They have made that correlation and CEOs, and people are talking about it. “There’s this guy.” “What has he done?” “I don’t know what he’s done.” “Is he a football player?” “No. I know he’s not a football player.” “Is he good-looking?” “He’s okay.” “Is he married to a supermodel?” “No.” “Has he written books?” “Yes.” What has he done? I don’t know but I will tell you this. There’s a ton of CEOs out there that every time Glenn Bill comes to speak within six months, the company adds $50 million to what they are doing. At that point, “Are we going to pay Glenn Bill $1 million a speech?” They are not asking that question. The question is will Glenn take $1.5 million for two speeches if we do them on the same day? The value is there and proven.
When we looked at the back of your book, they were not warm and fuzzy testimonials. The testimonials on the back of The Bottom of the Pool are finite. They are result-driven testimonials.
You asked me about The Bottom of the Pool, didn’t you?
I did. You are a wonderful Southerner.
I needed you in a heartbeat. When I’m eleven years old, my buddies and I, got dropped off at the pool like every other kid. The pool was our babysitter. We spent the summer there and we’ve got sick of Marco Polo and Atomic Water Ball. We started inventing our own games. We invented a game called Dolphin because Flipper was on TV. Flipper would come up out of the water and stand on his tail.Understand that your emotions are controlled by you. Click To Tweet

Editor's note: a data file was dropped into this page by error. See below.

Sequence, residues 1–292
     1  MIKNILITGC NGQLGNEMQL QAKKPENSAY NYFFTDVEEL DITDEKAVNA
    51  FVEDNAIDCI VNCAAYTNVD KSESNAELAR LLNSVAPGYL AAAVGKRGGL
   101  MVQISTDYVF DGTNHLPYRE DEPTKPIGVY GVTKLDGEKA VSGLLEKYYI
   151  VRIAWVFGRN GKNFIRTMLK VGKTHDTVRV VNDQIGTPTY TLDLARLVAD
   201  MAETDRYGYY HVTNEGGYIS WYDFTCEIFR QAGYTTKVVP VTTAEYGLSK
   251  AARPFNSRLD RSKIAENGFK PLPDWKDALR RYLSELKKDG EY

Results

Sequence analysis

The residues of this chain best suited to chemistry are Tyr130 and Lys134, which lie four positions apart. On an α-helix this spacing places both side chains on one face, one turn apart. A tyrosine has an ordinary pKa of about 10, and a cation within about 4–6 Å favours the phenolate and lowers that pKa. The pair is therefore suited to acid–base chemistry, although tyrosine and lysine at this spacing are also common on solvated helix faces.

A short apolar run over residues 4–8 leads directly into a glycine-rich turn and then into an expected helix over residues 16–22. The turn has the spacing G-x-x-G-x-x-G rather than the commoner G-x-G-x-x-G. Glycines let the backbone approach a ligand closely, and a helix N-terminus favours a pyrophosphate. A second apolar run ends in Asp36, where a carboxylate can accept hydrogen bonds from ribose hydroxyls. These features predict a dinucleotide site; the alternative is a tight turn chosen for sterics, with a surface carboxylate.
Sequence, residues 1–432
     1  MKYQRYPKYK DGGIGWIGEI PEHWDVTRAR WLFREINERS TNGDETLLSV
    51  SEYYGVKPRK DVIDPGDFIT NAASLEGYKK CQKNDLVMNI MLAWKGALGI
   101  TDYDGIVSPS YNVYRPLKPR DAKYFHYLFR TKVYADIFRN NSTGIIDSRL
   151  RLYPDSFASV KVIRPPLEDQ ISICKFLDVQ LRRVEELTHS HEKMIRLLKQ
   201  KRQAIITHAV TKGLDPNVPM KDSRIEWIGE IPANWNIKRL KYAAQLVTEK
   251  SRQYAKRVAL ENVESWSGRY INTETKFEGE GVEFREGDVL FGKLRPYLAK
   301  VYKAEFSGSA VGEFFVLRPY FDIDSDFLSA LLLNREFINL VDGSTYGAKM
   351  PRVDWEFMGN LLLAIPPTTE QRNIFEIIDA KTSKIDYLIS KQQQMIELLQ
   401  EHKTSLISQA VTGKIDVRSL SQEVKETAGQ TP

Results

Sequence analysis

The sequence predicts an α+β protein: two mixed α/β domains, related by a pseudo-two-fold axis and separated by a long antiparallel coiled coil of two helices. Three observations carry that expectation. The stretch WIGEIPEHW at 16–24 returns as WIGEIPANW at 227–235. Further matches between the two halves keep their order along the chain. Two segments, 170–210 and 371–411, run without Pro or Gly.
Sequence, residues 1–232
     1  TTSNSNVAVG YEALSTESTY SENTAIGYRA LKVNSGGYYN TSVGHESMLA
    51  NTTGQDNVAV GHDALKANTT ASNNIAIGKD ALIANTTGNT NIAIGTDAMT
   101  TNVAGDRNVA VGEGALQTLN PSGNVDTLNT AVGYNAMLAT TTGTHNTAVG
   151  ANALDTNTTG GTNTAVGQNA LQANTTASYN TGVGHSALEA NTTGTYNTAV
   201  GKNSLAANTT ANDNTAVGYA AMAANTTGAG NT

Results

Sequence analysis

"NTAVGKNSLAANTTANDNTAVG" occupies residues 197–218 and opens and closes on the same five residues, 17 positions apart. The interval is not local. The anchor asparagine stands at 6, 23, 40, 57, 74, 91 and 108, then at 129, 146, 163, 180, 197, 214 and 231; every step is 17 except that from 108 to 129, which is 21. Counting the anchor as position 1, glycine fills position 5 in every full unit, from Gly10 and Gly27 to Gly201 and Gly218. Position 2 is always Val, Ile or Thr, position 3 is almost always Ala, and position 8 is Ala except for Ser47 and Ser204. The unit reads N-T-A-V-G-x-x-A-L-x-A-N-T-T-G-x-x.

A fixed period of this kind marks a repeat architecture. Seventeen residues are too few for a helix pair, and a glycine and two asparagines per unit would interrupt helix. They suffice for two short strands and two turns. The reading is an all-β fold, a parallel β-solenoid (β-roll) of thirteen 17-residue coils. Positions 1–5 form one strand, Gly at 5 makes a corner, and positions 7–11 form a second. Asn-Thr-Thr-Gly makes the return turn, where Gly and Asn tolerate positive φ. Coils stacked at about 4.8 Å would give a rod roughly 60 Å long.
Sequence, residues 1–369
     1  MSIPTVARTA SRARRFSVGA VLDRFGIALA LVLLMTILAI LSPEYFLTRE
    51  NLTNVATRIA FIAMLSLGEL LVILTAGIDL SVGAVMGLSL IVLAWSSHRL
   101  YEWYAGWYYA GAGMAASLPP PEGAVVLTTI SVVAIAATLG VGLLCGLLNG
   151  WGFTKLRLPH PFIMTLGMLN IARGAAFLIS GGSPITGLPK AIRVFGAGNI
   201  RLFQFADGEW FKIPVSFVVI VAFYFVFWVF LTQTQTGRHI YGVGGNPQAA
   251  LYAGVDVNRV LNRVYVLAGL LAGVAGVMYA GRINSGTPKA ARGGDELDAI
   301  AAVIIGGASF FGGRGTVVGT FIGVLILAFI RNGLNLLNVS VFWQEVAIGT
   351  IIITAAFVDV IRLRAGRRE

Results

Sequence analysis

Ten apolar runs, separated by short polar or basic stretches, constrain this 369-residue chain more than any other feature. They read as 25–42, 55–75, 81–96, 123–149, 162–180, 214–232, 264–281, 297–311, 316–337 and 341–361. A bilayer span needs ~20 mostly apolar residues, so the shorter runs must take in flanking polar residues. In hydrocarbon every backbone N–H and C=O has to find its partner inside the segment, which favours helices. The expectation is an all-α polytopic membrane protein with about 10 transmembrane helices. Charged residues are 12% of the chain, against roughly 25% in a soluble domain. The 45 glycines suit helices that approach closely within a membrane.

We would get into this deep end, circle up one at a time, go in the middle of the circle, try to come up out of the water, and see how high out of the water we could get. You are using your hands and your feet to push water and try to get up. We had this kid, Aaron Perry, who was bigger and older than we were. He won every single time to we were almost sick of the game. Until my friend, Kevin Perkins, destroyed it. Kevin goes to the middle of the circle. Everybody is waiting on this same thing to happen but this time, this kid goes down instead of up.
We are all looking and going, “What is he doing?” He goes all the way to the bottom and then squats down. Before we can figure out what’s going on, he pushes off the bottom, comes rocketing out of the top way higher than anybody has ever gone. It’s a new reality. He doubled what anybody else had ever done. If you would come to us and said, “Are you guys doing the best you can do?” We would have said, “Absolutely.” We were looking at Aaron. He was the industry standard. He had the best practices model and we were learning.
We didn’t understand that there was another mark out there that we weren’t even aware of. We were doing the best that we could do but we weren’t doing the best that could be done. While we were learning how to do this, the industry standards, the best practices, this is how you cup your hands and feet, it was obvious how you do this and come up out of the water. At least it was obvious until one kid went down instead of up. Everything that had been obvious was no longer even true.